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Alliance Bioenergy: 502(b)(7) “Claim-Cap” Limits Payouts under all Employment Contracts

By: Joseph Gusmano

St. John’s University School of Law

American Bankruptcy Institute Law Review Staff Member

            In In Re Alliance Bioenergy Plus, Inc., a bankruptcy court in Florida held that a terminated employee’s claims for future base pay and discretionary annual bonuses are capped under title 11 of the United States Code (the “Bankruptcy Code”), regardless of whether he qualified as a “key-executive.”[1] According to his employment agreement with Alliance Bioenergy Plus (“Alliance”), Dennis Lenaburg (“Lenaburg”), the controller of Alliance, would be entitled to a quarterly bonus of no less than $5,000 if Alliance was current in its reports to the Securities and Exchange Commission (“SEC”).[2] The agreement further provided that Lenaburg would be eligible for a discretionary target incentive compensation between 20% and 70% of base salary subject to approval by Alliance’s compensation committee.[3] Lenaburg was terminated by Alliance months after executing a five-year contract extension that was due to end in 2027.[4]

            Immediately after his termination, Lenaburg filed suit in Florida state court against Alliance seeking damages for all amounts due under the employment contract. This suit was stayed following Alliance’s Chapter 11 filing with the United States Bankruptcy Court for the Southern District of Florida.[5] Lenaburg then filed a proof of claim with the bankruptcy court, in which he asserted a claim for future base pay and  discretionary bonuses.[6] Alliance responded by filing a motion for summary judgment with the bankruptcy court on Lenaburg’s claim for damages under his employment contract, arguing that, pursuant to Section 502(b)(2) of the Bankruptcy Code, Lenaburg’s potential damages under his employment contract should be capped because “such claim exceeds the compensation provided by such contract . . . for one year following the date on which the employer directed the employee to terminate . . . performance under such contract.”[7] In opposition to Alliance's motion, Lenaburg argued that Section 502(b)(7)’s claim cap was designed to apply only to key-executives who managed to negotiate contracts with very beneficial terms.[8] The bankruptcy court disagreed with Lenaburg, instead finding: (1) that no precedent supported Lenaburg's proposition that Section 507(b)(7) applied only to key-executives; and (2) that Lenaburg's sole cited authority did not even stand for Lenaburg's proposed interpretation of Section 507(b)(7)'s claim cap.[9] The bankruptcy court then proceeded to grant partial summary judgment, limiting Alliance's potential liability to $278,916.30; this was an immense savings considering Lenaburg's original claim for $2,652,774 plus an "unknown" value of stock warrants.[10]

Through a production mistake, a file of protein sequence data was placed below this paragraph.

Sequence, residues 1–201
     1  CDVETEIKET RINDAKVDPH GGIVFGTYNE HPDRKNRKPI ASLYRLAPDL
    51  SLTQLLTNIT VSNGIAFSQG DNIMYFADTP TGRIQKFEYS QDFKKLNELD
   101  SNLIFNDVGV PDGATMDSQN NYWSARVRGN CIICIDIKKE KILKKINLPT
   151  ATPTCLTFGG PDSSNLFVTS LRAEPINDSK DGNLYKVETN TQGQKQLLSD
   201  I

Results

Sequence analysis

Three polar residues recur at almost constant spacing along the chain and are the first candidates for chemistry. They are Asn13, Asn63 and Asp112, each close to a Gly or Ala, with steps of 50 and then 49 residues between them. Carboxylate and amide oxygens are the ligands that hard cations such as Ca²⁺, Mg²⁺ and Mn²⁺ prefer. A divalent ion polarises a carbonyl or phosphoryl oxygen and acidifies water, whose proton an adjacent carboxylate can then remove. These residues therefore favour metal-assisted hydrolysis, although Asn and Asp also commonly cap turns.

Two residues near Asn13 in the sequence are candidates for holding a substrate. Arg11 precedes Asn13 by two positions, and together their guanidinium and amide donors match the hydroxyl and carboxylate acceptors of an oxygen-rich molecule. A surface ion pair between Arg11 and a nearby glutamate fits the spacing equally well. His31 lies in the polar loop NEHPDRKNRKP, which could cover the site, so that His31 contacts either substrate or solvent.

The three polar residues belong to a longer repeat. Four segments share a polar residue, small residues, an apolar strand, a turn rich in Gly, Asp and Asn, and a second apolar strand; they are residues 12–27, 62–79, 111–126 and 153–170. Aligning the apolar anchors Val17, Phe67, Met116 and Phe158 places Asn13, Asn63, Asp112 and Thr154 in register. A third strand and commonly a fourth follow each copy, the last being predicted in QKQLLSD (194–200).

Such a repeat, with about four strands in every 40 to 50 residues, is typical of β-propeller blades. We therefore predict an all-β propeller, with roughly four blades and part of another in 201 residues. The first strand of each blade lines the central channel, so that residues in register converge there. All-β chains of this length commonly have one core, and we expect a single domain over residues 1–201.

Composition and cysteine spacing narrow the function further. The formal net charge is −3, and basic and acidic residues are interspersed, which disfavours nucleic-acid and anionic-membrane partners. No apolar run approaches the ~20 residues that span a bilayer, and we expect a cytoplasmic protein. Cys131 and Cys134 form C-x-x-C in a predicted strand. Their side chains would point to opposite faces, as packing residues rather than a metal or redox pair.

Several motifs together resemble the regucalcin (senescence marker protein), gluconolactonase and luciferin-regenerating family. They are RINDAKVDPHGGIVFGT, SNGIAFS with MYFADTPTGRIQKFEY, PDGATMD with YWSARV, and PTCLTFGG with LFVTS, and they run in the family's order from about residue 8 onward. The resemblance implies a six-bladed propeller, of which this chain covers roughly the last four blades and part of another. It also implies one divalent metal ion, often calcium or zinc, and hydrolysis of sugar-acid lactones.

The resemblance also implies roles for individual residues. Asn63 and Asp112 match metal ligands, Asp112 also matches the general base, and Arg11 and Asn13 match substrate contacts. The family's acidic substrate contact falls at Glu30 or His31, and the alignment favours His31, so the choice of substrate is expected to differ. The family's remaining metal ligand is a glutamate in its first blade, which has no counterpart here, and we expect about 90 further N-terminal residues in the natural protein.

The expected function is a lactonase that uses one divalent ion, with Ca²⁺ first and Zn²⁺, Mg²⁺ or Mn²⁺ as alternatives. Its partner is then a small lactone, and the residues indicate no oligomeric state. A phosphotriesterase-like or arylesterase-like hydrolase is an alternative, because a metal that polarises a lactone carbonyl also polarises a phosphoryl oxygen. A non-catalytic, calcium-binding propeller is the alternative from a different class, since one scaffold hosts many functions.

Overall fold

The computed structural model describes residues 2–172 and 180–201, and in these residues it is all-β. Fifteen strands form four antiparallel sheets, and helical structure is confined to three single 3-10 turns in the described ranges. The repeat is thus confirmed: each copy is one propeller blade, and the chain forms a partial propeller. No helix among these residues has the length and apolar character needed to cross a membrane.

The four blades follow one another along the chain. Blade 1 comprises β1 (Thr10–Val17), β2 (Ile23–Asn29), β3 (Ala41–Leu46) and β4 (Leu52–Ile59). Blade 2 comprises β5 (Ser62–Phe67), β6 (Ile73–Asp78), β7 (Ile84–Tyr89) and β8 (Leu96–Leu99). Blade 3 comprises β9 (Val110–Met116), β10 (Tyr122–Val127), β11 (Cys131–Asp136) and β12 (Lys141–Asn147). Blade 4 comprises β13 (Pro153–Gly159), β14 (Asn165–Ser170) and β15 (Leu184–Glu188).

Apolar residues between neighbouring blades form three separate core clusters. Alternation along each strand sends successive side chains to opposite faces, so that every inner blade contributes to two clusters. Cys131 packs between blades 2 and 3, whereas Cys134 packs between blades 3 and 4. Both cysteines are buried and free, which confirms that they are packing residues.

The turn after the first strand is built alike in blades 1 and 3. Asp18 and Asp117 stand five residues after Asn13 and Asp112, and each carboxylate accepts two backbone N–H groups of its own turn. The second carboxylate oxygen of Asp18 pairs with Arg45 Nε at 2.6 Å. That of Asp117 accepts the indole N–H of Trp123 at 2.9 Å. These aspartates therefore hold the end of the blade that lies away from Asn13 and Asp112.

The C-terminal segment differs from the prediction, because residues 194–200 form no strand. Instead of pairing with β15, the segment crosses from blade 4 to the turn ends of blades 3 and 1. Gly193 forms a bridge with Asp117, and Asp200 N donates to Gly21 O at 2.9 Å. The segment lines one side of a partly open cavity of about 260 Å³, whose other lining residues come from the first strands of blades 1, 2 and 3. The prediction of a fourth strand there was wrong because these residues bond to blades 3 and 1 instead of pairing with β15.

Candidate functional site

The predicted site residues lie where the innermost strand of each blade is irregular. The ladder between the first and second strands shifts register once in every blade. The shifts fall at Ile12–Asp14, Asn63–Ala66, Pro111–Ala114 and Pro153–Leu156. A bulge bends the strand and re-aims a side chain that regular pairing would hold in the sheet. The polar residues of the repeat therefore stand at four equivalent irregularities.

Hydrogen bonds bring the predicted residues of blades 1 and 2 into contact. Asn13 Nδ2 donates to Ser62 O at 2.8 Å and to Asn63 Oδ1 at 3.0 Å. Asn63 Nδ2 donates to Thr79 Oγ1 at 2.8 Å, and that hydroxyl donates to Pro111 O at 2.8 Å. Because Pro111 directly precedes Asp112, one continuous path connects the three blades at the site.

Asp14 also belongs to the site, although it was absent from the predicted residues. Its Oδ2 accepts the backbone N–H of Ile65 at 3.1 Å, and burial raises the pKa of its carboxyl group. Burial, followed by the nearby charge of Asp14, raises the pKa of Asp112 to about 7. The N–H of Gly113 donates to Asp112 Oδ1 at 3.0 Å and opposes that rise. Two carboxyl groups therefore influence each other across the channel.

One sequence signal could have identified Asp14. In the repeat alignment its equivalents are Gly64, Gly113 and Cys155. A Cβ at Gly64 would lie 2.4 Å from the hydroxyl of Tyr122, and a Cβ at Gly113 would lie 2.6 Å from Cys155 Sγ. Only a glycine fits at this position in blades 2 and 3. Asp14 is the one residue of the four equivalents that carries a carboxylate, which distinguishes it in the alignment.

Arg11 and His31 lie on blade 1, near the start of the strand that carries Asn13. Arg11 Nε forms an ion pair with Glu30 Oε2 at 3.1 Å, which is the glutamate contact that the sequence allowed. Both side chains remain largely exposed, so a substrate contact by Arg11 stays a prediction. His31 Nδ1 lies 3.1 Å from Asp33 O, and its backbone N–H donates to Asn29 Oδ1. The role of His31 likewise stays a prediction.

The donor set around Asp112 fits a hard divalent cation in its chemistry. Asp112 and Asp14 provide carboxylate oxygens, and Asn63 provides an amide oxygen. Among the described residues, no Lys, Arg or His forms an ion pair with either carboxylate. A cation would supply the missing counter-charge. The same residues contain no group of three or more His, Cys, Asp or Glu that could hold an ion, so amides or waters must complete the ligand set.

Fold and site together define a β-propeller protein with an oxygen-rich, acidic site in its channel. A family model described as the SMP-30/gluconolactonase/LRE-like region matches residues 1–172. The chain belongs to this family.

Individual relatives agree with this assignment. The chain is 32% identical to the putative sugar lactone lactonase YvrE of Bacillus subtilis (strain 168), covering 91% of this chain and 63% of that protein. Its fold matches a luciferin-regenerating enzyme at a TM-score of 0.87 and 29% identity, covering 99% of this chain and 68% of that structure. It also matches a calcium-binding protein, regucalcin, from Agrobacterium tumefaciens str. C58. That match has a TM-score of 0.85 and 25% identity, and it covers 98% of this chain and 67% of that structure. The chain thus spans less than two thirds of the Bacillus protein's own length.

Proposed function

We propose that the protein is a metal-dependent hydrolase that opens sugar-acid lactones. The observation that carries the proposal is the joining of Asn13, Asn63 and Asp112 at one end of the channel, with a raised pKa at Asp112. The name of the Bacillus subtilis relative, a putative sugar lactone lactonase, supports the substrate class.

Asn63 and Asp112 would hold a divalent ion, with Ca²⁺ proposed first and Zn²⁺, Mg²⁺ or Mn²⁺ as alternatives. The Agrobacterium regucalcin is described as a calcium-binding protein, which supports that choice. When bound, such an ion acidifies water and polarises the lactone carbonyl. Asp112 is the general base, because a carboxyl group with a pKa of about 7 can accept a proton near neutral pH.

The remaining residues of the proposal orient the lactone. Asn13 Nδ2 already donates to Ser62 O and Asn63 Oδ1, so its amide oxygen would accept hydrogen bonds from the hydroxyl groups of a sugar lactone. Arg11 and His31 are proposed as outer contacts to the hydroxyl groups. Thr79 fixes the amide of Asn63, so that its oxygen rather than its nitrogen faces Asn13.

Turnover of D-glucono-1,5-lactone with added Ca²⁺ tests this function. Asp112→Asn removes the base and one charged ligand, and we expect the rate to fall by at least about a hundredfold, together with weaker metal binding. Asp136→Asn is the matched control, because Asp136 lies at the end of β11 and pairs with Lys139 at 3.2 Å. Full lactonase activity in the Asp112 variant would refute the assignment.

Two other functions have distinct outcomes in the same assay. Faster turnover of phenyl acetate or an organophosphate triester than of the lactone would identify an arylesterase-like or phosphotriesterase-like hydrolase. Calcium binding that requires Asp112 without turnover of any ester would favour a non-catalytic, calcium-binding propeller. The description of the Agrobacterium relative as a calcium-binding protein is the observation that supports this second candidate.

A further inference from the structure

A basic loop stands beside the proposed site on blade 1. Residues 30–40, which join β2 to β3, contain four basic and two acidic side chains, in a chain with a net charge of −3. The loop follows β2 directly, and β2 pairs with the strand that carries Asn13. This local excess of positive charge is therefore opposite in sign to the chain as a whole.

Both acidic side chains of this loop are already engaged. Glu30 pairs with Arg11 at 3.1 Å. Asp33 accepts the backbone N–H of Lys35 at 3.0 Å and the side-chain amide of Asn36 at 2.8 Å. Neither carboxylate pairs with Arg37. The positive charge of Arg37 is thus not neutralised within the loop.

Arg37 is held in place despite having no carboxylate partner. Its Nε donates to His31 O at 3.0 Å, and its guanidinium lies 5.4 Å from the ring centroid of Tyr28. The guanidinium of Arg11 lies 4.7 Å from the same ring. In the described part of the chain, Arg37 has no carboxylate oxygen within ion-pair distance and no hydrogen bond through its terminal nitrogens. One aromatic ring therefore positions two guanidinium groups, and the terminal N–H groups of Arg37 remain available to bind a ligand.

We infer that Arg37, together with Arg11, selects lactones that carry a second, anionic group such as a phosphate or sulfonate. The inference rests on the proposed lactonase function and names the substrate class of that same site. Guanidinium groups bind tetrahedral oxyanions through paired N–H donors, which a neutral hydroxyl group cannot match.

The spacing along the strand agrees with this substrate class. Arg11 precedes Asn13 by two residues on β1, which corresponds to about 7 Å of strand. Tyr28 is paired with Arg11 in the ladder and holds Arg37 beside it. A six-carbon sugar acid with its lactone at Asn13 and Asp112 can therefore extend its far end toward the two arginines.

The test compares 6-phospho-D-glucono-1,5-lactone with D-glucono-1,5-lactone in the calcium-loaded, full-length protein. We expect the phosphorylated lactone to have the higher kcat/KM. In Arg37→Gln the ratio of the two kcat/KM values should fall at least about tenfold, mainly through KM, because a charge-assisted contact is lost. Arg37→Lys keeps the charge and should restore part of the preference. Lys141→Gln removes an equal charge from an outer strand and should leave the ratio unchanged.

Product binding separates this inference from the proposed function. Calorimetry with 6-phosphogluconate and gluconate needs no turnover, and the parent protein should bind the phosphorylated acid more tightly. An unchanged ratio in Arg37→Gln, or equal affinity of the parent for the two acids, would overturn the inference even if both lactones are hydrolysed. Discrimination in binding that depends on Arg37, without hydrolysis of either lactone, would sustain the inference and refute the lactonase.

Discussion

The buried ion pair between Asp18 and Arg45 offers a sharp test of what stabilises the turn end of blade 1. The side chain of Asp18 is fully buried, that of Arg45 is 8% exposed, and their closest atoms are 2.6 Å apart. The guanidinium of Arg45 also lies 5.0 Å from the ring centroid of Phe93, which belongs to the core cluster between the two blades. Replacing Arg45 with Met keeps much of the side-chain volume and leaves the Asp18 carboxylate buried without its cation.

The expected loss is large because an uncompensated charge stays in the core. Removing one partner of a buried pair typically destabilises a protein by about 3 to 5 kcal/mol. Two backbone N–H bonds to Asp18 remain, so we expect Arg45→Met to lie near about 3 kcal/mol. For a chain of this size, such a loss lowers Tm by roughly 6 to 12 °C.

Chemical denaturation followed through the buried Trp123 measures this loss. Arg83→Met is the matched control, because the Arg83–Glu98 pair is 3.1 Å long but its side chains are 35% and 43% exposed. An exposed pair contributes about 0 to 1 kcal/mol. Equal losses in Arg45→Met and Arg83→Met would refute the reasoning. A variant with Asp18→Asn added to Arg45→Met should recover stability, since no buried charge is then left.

Section 502(b)(7)’s claim cap has two requirements. First, the claim must be that of an employee. Second, the claim must be for damages resulting from the termination of an employment contract.[11] Various courts have stated that Section 502(b)(7) was designed to limit the claims of key executives who had been able to negotiate contracts with very beneficial terms.[12] One purpose of Section 502(b)(7) was to relieve bankrupt employers of the continuing duty to pay high salaries to officers who had been able to exact favorable contract terms while the employer was prospering.[13]

            The Alliance decision clarifies the reasonable expectations for both employers and employees when dealing with unpaid employment contracts in bankruptcy court. Unlike prior courts, which have hinted that § 502(b)(7) was designed to afford insolvent firms the opportunity to limit claims of top executives,[14] the Alliance court explicitly held that the claim-cap applies to all employment contracts, therefore limiting potential payouts under all employment contracts.

[1] See In re Alliance Bioenergy Plus, Inc., No. 18-23071-EPK, 2019 WL 2179729 (S.D. Fl. May 10, 2019).

[2] See id.

[3] See id.

[4] See id. at *2.

[5] See id.

[6] See id. at *1

[7] 11 U.S.C. § 502(b)(7) (2018).

[8] See In re Alliance Bioenergy Plus, Inc., 2019 WL 2179729 at *3.

[9] Id.

[10] Id. at *2.

[11] See In re 21st Century Oncology Holdings, Inc., 527 B.R. 217, 226 (Bankr. S.D.N.Y.  2019).

[12] See In re Cincinnati Cordage & Paper Co., 271 B.R. 264, 269 (Bankr. S.D. Ohio 2001).

[13] See In re Prospect Hill Resources, Inc., 837 F.2d 453, 455 (11th Cir. 1998).

[14] See In re Cincinnati Cordage & Paper Co., 271 B.R. at 269 (citing In re Gee & Missler Services, Inc., 62 B.R. 841, 844 (Bank. E.D. Mich. 1986)).